Figure 5. Boxplots corresponding to the results summarized in Table 3 for LesjakDB (NSubject = 20). Statistical significancy is evaluated thanks to the Wilcoxon signed-rank test between each pair of methods while applying Benjamini/Hochberg FDR correction.

Figure 6 highlights the variability of the performance of the methods across the subjects. It is interesting to notice that, although the performance of the detection methods greatly varies from one subject to the other, the ranking among the three methods appears to be highly consistent across the subjects. When investigating for the factors that may explain the observed variability, it appears that the volume of the ground-truth seems to play a prominent role: the larger is the volume to detect, the better is the performance of the change detection algorithm (see Figure 7).


Figure 6. Metrics reporting the performance of the three methods for each subject of LesjakDB.


Figure 7. Correlation between the performance of the three methods and the ground-truth evolving lesion load (cm3) of the subjects of LesjakDB.

5.2.3. MSSEG-2

Similarly as for the synthetic and LesjakDB datasets, the qualitative visual comparison of the two approaches based on deformable registration highlights the lack of sensitivity of the sequential method due the lesion over-compensation effect (see Figure 8). The resulting change detection map (purple) is too small compared to the ground-truth (underlying transparent red) due to the deformable registration that significantly shrinks the lesion. With the joint approach, the shape of the lesion is almost preserved in the warped follow-up image and the change detection map (green) matches almost perfectly the ground-truth.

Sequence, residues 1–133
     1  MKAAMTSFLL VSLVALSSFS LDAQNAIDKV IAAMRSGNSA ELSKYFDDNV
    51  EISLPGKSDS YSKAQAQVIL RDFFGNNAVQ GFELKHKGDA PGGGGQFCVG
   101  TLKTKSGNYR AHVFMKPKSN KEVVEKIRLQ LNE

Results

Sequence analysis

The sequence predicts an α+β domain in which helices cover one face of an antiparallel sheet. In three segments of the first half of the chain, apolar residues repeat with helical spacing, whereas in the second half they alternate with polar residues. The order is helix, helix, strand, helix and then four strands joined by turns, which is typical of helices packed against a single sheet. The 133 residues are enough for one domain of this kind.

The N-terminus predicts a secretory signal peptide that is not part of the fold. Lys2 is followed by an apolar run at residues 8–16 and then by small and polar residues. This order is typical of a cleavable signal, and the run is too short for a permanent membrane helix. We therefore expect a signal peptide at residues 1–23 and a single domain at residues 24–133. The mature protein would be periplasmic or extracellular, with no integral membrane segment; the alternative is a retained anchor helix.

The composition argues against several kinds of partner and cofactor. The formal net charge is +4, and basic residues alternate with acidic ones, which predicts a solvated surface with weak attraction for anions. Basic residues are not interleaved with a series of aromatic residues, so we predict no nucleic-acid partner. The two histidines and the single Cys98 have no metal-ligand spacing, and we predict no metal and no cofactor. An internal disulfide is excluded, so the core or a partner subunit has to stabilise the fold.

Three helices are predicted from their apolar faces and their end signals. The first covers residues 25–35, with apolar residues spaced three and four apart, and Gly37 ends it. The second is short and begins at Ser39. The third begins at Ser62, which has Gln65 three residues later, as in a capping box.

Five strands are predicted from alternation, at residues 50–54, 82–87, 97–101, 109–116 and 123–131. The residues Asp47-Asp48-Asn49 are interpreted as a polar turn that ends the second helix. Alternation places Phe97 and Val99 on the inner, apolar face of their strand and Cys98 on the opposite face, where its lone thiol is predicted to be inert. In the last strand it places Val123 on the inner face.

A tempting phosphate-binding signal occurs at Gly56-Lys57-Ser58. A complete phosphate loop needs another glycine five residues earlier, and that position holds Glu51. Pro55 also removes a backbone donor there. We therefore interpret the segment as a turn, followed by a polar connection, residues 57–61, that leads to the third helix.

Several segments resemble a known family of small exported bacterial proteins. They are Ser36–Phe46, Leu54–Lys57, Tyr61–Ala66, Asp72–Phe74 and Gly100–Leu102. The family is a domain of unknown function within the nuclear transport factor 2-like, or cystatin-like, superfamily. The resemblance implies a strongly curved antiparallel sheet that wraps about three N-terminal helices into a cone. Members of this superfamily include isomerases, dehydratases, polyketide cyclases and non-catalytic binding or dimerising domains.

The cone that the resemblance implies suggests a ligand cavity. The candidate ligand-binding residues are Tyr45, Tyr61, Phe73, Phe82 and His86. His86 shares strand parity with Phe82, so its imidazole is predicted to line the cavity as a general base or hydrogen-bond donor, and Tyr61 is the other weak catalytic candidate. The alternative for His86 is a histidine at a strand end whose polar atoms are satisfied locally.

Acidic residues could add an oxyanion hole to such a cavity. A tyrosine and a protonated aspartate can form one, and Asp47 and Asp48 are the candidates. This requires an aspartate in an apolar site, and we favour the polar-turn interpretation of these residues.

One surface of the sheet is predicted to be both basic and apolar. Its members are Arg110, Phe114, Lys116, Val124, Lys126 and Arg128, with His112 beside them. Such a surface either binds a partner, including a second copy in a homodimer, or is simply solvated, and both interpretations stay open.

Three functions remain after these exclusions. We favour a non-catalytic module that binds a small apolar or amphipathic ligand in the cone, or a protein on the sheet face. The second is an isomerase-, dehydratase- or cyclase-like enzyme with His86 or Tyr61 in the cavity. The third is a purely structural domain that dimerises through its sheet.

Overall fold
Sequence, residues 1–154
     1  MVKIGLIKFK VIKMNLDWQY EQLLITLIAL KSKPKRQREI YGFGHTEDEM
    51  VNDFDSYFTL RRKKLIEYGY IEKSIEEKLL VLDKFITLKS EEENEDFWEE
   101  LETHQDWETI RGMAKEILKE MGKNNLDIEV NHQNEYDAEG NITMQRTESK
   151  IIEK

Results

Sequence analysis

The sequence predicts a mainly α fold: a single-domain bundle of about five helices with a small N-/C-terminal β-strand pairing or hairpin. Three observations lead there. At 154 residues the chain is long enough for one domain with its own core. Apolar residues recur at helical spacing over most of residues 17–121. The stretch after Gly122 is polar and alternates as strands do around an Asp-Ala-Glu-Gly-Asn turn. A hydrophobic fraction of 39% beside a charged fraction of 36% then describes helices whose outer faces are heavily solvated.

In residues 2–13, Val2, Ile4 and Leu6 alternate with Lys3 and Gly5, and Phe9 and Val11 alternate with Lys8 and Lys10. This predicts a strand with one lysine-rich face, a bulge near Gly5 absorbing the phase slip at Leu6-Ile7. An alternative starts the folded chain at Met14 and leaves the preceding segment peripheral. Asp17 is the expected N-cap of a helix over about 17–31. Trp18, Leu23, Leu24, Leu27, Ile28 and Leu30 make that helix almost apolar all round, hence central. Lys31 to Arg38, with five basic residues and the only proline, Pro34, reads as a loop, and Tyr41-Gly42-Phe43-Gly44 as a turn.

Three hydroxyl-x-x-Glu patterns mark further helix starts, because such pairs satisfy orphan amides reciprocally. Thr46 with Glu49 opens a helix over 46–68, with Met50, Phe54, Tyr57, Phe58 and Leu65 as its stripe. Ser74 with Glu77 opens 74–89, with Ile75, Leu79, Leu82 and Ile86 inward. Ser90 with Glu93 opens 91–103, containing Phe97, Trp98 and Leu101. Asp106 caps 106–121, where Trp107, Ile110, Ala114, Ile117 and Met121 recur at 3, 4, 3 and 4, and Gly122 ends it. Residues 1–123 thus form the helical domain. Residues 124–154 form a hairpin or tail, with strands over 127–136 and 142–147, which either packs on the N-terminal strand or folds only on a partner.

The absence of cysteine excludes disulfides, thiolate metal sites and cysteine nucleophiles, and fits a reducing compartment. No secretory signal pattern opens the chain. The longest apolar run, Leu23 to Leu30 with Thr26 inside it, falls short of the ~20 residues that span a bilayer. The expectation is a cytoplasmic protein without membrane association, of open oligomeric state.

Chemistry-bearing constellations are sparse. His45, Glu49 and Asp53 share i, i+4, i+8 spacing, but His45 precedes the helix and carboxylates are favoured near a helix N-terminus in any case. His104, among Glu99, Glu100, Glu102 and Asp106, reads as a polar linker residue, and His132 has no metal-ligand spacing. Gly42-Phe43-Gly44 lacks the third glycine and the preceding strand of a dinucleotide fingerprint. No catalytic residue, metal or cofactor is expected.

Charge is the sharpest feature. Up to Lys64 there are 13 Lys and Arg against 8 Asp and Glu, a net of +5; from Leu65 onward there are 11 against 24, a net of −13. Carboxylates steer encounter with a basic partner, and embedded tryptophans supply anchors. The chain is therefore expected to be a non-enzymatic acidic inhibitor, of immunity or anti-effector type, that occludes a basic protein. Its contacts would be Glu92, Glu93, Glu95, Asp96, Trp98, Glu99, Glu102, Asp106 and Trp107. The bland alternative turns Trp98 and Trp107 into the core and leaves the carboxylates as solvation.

Figure 8. Qualitative comparison of the binary change detection maps obtained with the sequential (purple) and joint (green) approaches as compared to the ground truth (underlying transparent red) on one selected subject from the MSSEG-2 dataset.

The quantitative evaluation on the subset MSSEG-2-Change is reported in the second row of Table 3 and in the upper part of Figure 9.


Figure 9. Boxplots corresponding to the results summarized in Table 3 for both MSSEG-2-Change and MSSEG-2-Change inverse (NSubject = 61). Statistical significancy is evaluated thanks to the Wilcoxon signed-rank test between each pair of methods while applying Benjamini/Hochberg FDR correction.